Acta Analytica 26 (4):295-310 (2011)

Jenann Ismael
Columbia University
For most of the major philosophers of the seventeenth and eighteenth centuries, human cognition was understood as involving the mind’s reflexive grasp of its own contents. But other important figures have described the very idea of a reflexive thought as incoherent. Ryle notably likened the idea of a reflexive thought to an arm that grasps itself. Recent work in philosophy, psychology, and the cognitive sciences has greatly clarified the special epistemic and semantic properties of reflexive thought. This article is an attempt to give an explicit characterization of the structure of reflexive thoughts that explains those properties and avoids the complaints of its critics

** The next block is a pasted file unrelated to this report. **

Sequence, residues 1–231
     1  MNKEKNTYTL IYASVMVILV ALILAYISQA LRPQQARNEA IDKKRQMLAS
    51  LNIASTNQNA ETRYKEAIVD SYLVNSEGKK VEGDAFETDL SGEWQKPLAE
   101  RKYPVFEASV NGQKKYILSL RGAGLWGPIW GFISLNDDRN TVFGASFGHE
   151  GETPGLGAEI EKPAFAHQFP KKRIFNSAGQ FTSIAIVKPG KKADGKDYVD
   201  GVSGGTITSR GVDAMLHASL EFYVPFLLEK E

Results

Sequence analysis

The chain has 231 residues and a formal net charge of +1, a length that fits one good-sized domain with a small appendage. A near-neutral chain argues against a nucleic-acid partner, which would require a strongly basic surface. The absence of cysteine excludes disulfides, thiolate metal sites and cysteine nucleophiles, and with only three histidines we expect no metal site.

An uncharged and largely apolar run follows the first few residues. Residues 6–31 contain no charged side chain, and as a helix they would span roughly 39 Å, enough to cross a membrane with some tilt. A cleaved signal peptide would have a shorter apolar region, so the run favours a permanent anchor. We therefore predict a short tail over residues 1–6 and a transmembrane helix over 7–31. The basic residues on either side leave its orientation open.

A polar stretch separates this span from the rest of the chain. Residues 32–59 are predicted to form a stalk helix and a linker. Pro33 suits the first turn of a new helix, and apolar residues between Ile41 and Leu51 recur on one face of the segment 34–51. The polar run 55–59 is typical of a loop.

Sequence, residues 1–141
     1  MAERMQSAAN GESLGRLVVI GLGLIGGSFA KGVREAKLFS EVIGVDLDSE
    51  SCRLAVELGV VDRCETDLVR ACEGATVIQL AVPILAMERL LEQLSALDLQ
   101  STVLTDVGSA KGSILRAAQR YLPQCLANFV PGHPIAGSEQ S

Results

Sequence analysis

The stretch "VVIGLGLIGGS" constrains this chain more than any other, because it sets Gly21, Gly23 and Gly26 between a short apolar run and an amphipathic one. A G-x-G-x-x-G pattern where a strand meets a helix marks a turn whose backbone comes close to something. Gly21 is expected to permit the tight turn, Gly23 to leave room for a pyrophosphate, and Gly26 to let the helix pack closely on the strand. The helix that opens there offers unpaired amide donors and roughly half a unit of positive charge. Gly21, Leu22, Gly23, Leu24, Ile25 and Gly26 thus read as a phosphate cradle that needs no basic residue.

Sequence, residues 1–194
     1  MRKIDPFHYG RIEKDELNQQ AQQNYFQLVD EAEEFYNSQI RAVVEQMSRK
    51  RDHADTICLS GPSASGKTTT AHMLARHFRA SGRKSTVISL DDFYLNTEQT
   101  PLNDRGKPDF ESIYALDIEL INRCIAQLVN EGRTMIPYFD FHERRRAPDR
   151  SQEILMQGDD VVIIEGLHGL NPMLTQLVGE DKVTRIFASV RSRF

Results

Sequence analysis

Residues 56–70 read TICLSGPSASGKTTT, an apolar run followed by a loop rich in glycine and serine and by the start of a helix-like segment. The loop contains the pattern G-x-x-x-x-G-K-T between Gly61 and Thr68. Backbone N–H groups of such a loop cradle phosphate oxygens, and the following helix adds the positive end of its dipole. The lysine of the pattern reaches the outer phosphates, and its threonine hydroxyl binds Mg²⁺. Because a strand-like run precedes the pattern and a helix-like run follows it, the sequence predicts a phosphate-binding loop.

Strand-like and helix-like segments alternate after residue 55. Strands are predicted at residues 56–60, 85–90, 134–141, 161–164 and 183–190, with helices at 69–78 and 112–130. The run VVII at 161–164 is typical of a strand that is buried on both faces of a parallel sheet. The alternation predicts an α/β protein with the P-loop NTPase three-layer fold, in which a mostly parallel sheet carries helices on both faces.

Keywords Reflexive thought  Model-theoretic argument  Semantic descent  Self-representation  Cognition  Reference-grounding  Lehrer
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DOI 10.1007/s12136-011-0132-2
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References found in this work BETA

The Concept of Mind.Gilbert Ryle - 1949 - Hutchinson & Co.
Philosophical Explanations.Robert Nozick - 1981 - Harvard University Press.
New Work for a Theory of Universals.David Lewis - 1983 - Australasian Journal of Philosophy 61 (4):343-377.
Elements of Symbolic Logic.Hans Reichenbach - 1947 - London: Dover Publications.

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A Puzzle About Mental Self-Representation and Causation.Mikkel Gerken - 2014 - Philosophical Psychology 27 (6):890-906.

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